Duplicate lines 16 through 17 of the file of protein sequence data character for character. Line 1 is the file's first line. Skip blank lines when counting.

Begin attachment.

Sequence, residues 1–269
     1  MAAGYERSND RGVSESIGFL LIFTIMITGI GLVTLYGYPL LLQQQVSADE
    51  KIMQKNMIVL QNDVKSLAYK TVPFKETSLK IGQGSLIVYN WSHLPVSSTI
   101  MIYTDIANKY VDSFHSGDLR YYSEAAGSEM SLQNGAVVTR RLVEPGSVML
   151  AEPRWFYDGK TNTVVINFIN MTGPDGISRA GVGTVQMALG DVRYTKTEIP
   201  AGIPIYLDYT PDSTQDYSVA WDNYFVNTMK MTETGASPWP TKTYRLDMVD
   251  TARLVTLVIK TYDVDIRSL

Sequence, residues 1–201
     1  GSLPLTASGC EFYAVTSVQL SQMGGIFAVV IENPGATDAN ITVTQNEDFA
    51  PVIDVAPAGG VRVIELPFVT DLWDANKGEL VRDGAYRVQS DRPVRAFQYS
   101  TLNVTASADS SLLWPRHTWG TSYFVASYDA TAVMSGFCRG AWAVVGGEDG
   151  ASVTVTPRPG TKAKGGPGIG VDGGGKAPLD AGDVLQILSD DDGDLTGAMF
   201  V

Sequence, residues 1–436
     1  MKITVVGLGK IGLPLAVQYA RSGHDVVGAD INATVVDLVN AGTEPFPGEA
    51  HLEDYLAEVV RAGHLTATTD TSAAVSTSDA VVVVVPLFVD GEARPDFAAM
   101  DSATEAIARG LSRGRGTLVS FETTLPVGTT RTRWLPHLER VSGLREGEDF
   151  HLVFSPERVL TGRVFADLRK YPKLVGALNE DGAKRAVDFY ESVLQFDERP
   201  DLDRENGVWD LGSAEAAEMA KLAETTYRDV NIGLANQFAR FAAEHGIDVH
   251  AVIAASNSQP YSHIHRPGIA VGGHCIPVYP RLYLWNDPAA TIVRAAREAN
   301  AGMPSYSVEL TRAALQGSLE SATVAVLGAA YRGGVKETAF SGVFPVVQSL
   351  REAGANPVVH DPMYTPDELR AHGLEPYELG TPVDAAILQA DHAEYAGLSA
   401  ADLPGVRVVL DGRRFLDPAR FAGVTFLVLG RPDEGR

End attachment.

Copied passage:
    51  HLEDYLAEVV RAGHLTATTD TSAAVSTSDA VVVVVPLFVD GEARPDFAAM
   101  DSATEAIARG LSRGRGTLVS FETTLPVGTT RTRWLPHLER VSGLREGEDF